Publication
Bibliography note
Includes bibliographical references and index
Carrier category
volume
Carrier MARC source
rdacarrier
Content category
text
Content type MARC source
rdacontent
Contents
Introduction: the view from above -- The scheme of a lunatic -- Hauling -- Simple and easy -- North by Northeast -- A pure primitive realm -- Thule -- Dynamite -- Digging -- Machine age -- The Americans -- Drilling -- Jesus ice -- Deeper -- Sensing -- A key -- Meltwater season -- Epilogue: the ice clock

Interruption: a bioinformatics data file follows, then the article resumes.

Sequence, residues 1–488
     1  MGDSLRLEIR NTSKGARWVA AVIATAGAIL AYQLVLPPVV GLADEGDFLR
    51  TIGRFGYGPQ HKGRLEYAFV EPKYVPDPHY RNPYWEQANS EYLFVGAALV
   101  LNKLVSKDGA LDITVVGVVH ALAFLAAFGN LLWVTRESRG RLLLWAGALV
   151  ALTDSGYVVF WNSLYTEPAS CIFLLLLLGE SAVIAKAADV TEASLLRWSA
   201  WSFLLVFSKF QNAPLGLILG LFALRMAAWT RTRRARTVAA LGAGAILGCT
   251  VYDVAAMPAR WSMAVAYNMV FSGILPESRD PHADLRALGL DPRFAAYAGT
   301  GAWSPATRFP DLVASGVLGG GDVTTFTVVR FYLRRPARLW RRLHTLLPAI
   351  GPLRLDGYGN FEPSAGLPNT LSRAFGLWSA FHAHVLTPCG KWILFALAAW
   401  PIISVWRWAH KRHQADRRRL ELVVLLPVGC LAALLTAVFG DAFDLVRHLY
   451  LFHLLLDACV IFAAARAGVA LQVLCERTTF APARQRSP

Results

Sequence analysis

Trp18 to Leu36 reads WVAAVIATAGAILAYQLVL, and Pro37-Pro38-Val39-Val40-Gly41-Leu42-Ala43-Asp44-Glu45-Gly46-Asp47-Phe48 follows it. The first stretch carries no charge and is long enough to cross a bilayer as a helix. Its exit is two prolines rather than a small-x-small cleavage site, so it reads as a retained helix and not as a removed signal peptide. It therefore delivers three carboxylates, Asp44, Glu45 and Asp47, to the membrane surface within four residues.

Control code
2018039395
Dimensions
23 cm
Edition
First edition.
Extent
xxiii, 418 pages
Isbn
9780812996623
Isbn Type
(hbk.)
Lccn
2018039395
Media category
unmediated
Media MARC source
rdamedia
Other physical details
illustrations, map
System control number
(OCoLC)1052427946